Self-awareness is an ongoing journey. All positive efforts are worth it¬†to learn more about what values are most important to you, what makes you tick, and what you therefore will and won’t hold as a boundary.

There are thousands of tools you can use. I work with leaders using¬†DISC¬†behavioural styles,¬†EQ2¬†which is an emotional intelligence tool, and¬†Motivators¬†which helps you identify your true motivators. If any of these interest you, let’s chat.

 

2. Rather than thinking of creating barriers, or that if you set up these rules for yourself these will be seen and treated as barriers, consider a more positive frame of reference. Boundaries are not barriers: boundaries provide helpful guidance for yourself and others

Boundaries help identify responsibilities and agreements.

 

3. Do you first! Identify what the most important work you need to do and you’re responsible for first. Prioritise your most important work. This will help you find a level of control, set responsibility and reinforce a¬†productive¬†boundary.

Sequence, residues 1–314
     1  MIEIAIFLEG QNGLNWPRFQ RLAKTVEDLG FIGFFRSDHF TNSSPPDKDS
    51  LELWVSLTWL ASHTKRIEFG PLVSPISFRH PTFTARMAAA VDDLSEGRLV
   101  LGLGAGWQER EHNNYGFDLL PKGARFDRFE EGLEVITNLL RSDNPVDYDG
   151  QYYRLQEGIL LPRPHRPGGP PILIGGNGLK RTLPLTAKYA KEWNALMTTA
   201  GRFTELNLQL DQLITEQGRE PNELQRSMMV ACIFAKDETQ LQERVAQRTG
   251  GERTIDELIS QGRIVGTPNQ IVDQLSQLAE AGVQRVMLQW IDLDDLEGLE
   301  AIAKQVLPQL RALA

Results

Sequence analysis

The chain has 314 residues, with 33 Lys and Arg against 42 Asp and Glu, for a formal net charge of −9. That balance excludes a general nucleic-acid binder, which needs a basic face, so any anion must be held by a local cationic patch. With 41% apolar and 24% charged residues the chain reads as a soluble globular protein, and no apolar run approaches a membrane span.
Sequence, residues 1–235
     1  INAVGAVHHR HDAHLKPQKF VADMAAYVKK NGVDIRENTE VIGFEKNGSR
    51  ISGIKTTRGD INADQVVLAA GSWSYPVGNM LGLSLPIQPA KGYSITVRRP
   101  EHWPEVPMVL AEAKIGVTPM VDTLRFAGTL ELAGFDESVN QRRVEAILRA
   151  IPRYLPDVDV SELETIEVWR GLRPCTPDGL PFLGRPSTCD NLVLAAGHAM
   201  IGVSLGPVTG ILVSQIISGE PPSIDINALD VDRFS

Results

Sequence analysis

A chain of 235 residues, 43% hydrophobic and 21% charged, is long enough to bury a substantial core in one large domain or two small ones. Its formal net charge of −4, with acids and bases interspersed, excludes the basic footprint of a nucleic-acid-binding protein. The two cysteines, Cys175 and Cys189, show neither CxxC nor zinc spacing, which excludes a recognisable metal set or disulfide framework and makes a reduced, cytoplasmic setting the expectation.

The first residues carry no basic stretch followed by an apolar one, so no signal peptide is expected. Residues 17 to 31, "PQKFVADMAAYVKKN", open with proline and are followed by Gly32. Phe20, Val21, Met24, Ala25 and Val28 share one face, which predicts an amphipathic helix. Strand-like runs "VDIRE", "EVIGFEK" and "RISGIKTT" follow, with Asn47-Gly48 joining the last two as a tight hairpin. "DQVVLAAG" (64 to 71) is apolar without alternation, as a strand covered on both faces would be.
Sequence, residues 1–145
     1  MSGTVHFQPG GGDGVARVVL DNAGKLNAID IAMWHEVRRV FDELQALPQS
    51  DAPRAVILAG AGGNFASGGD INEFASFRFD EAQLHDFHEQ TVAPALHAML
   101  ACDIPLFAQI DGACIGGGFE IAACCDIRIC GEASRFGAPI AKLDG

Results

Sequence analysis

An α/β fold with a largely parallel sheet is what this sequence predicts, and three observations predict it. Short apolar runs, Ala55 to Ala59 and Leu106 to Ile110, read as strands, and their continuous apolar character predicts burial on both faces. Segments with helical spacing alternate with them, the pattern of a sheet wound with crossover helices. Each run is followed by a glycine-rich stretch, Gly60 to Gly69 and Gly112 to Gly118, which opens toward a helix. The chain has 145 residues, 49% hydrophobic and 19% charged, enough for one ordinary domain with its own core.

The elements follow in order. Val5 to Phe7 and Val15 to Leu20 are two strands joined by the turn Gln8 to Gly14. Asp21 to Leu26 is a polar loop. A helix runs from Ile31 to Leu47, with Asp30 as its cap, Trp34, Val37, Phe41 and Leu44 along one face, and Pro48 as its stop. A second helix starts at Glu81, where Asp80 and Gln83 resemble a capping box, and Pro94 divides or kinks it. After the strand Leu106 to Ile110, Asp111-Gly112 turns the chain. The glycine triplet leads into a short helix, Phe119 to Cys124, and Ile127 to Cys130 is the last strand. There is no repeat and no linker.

4. Empathy!Look at the situation from your team members / colleagues / clients / senior leaders¬†perspective. It’s easier to respect someone’s boundary when you know they care about you and they¬†appreciate the situation you’re in. For others to respect your boundaries, make sure you appreciate the situation from their perspective.

 

5. Benefits over fears. Be sure to make agreements and give based on the team’s or work’s greater good; for the long-term benefit rather¬†than any immediate fears. Having healthy boundaries is not simply saying “no” and defending yourself consistently. It’s about making agreements that don’t undermine anyone, including you. Think of¬†if+then: e.g. “If I do this now, then we need to discuss how this is handled long-term.” ¬†“If you do this now to quickly clear it, then we will meet on Monday to find a better long term way to handle this.”

 

Boundaries make you a better leader. You have a greater sense of self, control and respect for both yourself and your team. Your team will have greater confidence in you and your leadership.

What workplace / professional boundary do you need to focus on?